Vet's emotional recount after takedown of Ramadi

Posted at 10:00 PM, Dec 28, 2015
and last updated 2015-12-29 01:00:56-05

Iraqi forces backed by U.S.-led airstrikes drove Islamic State militants out of the center of Ramadi on Monday and seized the main government complex there, according to military officials, who said insurgents are still dug into pockets of the city west of Baghdad.

It was a key victory in the fight against ISIS.

Retired Army Sergeant, Dane Kaimuloa, served for six months in Ramadi in 2006.

When he returned home, he had a hard time sleeping in his bed. Kaimuloa ran a drone camera to scan areas for IED's before troops moved forward. He missed one and watched helplessly as the horror unfolded.

Three soldiers died in that explosion. The nightmare seems to be on loop when he tries to sleep.

"It's comfortable," he said of his bed through tears. "It's like… I don't deserve this."

"So, I was just lost in my own house."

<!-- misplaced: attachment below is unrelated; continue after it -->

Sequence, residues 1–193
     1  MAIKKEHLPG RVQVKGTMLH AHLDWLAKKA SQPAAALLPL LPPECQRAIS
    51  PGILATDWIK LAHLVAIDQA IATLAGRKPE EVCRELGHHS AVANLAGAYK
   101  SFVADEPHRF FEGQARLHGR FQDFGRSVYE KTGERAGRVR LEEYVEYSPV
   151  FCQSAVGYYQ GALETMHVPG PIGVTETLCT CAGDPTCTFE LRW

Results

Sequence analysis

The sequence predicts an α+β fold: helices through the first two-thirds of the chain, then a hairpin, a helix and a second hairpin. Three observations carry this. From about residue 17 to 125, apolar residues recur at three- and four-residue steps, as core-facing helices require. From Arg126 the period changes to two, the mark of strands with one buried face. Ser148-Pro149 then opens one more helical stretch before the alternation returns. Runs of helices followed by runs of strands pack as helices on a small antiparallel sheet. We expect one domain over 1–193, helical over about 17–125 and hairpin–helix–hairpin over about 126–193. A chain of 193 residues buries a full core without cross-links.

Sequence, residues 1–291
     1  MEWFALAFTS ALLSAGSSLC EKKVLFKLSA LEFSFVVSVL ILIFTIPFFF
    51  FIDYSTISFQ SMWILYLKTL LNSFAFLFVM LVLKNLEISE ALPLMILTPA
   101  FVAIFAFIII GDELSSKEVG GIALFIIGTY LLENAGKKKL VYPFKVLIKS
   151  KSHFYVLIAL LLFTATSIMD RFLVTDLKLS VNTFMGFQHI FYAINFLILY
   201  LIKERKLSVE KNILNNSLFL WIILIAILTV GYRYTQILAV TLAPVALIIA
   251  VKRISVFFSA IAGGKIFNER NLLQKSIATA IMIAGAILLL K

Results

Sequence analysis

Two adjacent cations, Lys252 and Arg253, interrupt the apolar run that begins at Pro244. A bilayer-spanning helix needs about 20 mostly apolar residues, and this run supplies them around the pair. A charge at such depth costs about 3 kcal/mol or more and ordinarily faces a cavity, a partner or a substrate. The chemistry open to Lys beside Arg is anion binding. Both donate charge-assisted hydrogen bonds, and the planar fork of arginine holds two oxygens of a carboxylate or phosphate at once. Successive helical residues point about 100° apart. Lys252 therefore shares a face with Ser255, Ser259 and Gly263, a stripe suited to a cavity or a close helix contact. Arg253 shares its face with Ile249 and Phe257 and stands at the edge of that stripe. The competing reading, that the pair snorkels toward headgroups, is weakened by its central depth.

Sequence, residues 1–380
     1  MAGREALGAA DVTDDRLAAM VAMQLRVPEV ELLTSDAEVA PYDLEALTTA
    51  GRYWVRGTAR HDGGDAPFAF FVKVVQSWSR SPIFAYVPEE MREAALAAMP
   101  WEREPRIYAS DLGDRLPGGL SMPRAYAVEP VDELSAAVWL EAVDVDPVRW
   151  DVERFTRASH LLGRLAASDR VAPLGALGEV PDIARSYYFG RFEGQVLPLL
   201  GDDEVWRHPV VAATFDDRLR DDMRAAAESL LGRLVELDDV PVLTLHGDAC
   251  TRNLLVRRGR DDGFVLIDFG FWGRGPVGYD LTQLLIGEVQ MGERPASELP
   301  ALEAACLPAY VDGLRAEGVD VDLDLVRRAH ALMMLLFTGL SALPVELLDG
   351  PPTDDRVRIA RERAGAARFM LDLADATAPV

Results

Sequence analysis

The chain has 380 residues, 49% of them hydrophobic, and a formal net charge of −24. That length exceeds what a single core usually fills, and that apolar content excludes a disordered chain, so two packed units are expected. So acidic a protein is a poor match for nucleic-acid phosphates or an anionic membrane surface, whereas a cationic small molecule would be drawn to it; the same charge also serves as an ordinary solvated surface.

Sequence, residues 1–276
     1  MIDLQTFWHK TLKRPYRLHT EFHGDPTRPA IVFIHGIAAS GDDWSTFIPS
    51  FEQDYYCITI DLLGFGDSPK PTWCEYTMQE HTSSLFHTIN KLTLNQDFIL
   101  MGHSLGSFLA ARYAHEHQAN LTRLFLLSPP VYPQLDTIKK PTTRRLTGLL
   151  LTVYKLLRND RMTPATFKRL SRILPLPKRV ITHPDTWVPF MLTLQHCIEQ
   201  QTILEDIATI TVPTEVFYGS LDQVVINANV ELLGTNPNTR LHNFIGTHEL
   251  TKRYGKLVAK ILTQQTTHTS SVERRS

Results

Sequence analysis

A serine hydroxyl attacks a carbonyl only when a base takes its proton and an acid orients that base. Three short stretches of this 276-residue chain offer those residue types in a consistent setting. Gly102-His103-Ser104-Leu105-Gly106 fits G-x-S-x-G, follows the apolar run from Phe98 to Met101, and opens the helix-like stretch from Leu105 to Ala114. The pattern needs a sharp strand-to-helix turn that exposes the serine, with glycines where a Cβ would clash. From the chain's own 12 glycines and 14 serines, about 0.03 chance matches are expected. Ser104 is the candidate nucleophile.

Despite all the lives he saved, those three and all who fell in the fight for Ramadi weigh heavily on his heart.

"It's in the 100's in Ramadi," he said of U.S. troops who paid the ultimate price.

He cares so deeply about honoring the fallen. He turned his entire truck into a mobile memorial, which honors the men and women who lost their lives in Iraq and Afghanistan.

"We made a lot of progress [in Ramadi]," Kaimuloa added.

Kids played outside again, and he said that put purpose behind the sacrifices. Then in May, ISIS militants raised the black and white flag of terror.

"It tears you up because all we fought for is lost," he said.

Ramadi and nearby Fallujah, which is controlled by IS, saw some of the heaviest fighting of the eight-year U.S. intervention in Iraq.

In recent months, Iraqi forces launched several offensives to retake Ramadi, but all had stalled. Iraqi troops began advancing into some parts of the city, located about 130 kilometers (80 miles) west of Baghdad, earlier this month. But their progress was slowed by snipers, booby traps and the militants' destruction of bridges leading into the city center.

With U.S. help, training and gear, the Iraq flag is flying again.

"Oh, that feels good," Kaimuloa said with a smile. "That feels good."